Premium potting soils – a science of its own

Potting soil is one of the most popular gardening accessories. But what exactly makes a good substrate for planting? And must good quality inevitably be more expensive? 

Good potting soil has a stable structure

It provides plants with reliable support without slumping or compacting – and it does so for at least several months, even though the substrates differ clearly depending on their compositions. For example, peat and coco coir have an extremely stable structure, which is why indoor potting soils with a high percentage of peat or coconut fibre hardly lose any of their volume even after many years of staying in the pot. In contrast, raised-bed soil mixes settle noticeably within a single season, because microorganisms decompose the compost and bark humus that make up a large part of the soil mix. Nutrients and heat are released in the process, which is actually one of the big advantages of raised-bed gardening; so to speak, a welcome “flaw”.

Good potting soil stores plenty of water

But it doesn’t store too much water either, because waterlogging would cause the tender plant roots to rot. To ensure supply of both air and water to the plant roots, the substrate for planting must have the right ratios of the various constituents: fine to coarse and water-retaining to substrate-aerating. And what’s also important is that if the soil ever dries completely, it should be easy to soak.

Good potting soil safeguards optimal nutrient supply to the plants

In other words, it must store sufficient nutrients to ensure that the nutrients are not leached out next time the plants are watered, and it must release the nutrients to the plants as needed. The latter isn’t as simple as it sounds, because which nutrients can easily be made available to the plants depends on the pH value of the substrate. Good to know: most potting soils already contain defined amounts of fertiliser. For example, they may contain small pellets of controlled-release fertilizer that release nutrients depending on temperature and soil moisture. So there is no need to feed the plants for the first few weeks after potting. Also, substrates based on compost and/or bark humus release nutrients over a prolonged period of time. The information provided on the potting soil packaging tells you when and how you should start feeding after potting.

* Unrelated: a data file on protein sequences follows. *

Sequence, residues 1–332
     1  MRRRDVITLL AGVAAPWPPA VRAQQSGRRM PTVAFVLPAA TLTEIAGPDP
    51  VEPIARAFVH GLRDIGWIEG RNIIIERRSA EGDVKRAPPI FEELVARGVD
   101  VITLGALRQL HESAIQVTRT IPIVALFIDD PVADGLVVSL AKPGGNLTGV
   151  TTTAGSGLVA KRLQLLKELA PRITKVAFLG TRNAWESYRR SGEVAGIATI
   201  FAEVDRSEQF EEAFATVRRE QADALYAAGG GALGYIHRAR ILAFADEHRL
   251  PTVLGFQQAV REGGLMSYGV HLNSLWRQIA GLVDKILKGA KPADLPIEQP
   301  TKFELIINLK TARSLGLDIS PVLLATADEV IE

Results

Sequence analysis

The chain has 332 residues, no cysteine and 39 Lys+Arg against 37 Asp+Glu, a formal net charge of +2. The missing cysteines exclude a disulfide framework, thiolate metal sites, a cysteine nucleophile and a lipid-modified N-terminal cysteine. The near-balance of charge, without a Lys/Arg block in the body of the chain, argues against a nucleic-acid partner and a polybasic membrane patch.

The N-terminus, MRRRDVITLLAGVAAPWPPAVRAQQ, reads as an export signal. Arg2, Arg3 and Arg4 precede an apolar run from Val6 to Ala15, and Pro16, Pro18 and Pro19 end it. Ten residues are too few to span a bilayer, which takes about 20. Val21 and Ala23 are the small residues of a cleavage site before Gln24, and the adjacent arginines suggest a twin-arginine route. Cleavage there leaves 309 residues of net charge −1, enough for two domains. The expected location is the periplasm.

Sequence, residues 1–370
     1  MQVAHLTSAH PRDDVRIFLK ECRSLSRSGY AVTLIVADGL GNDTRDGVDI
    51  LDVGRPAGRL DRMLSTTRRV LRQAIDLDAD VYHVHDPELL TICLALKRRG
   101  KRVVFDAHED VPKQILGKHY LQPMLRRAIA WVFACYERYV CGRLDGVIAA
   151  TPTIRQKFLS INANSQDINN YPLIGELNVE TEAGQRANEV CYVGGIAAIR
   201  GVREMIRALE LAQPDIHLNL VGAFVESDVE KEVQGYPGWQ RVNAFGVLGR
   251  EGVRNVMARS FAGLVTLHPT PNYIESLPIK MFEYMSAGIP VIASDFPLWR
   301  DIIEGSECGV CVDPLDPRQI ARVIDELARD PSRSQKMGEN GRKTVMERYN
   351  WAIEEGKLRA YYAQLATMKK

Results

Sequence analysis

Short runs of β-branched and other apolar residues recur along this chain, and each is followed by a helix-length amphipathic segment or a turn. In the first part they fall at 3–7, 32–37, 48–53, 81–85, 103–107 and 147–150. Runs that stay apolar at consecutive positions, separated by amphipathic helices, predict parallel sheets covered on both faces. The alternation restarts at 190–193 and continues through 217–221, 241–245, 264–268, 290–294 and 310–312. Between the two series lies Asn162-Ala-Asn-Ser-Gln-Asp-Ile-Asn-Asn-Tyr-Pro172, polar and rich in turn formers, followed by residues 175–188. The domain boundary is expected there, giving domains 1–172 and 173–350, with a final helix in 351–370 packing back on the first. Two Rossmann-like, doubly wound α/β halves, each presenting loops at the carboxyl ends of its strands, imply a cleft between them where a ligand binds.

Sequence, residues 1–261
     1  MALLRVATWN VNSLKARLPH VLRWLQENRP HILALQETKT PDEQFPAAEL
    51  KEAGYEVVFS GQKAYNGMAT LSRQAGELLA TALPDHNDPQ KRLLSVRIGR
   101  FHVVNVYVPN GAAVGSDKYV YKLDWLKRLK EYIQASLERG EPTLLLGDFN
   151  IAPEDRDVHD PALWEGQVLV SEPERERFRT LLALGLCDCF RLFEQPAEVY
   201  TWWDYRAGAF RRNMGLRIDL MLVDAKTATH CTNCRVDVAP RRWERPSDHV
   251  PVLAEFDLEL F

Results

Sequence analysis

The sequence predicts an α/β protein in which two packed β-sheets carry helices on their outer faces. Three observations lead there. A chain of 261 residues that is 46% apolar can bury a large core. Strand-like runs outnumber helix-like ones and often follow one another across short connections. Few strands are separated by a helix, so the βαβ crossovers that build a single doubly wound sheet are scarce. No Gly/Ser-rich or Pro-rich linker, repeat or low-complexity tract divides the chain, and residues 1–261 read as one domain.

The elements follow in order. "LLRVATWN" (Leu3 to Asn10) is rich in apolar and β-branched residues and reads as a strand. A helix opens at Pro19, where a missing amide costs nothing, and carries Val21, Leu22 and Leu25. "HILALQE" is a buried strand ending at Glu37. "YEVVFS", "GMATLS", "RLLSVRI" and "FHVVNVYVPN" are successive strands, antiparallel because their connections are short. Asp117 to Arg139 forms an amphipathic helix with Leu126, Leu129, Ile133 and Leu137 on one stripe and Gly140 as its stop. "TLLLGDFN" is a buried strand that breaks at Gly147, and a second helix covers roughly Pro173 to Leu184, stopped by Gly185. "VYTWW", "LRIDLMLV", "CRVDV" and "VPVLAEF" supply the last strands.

What soil for what purpose?

It needs genuine expertise to meet all plant requirements as best as possible and, at the same time, pay attention to additional aspects, such as peat-free products or a low shipping weight. Along with constituents such as peat, compost, wood fibre, coconut coir and bark humus, smaller quantities of additives are also used in substrates. These include, for example, clay to improve the nutrient and water holding capacity, and perlite (a volcanic rock expanded by heat) to improve aeration. Of course, a certain amount of mineral or organic fertilizers is also a must – for example horn shavings, horn meal, sheep’s wool, guano or grain meal, a by-product of maize processing.

Substrate producers use these constituents and additives to create many different kinds of “recipes” for substrate mixes – always with a view to the requirements of the plant species in question (e.g. “tomato potting soil”, “rhododendron potting soil”) or a group of plants with similar needs (“potting soil for B&B plants”, “potting soil for foliage plants”.

Purchasing decision: low-price or expensive?

The fact that special-purpose substrates are more expensive than general-purpose substrates might make sense. However, why are there such enormous differences in prices between substrates with the same purpose? The reason can be the feedstock origin. For example, despite the shorter distances, locally sourced bark humus can be more expensive than bark humus originating abroad. But above all, differences in prices are based on higher constituent quality and the cost of quality control.

Good potting soils should not contain any germinative weeds, if possible. However, to ensure this is the case, the temperatures during the composting process to make compost must be high enough and peat must be steamed, if necessary. Other unwanted elements in substrates include pathogens, heavy metals, insecticides or plant-damaging substances such as phenols, which are released by insufficiently seasoned bark products.

Consumer tip: potting soils that carry the RAL quality mark

The Gütegemeinschaft Substrate für Pflanzen e.V. (GGS) recommends amateur gardeners to use potting soils labelled with the RAL quality mark to avoid annoying surprises. The properties of quality-certified substrates are monitored by approved independent labs. The substrates are only permitted minimal deviations in pH value and nutrient contents, must have a stable structure and be proven to be free from weed seeds and plant-damaging substances. Consequently, the slightly higher cost of RAL-certified potting soils is an investment in plant enjoyment without limits. An investment that is well worth the effort.

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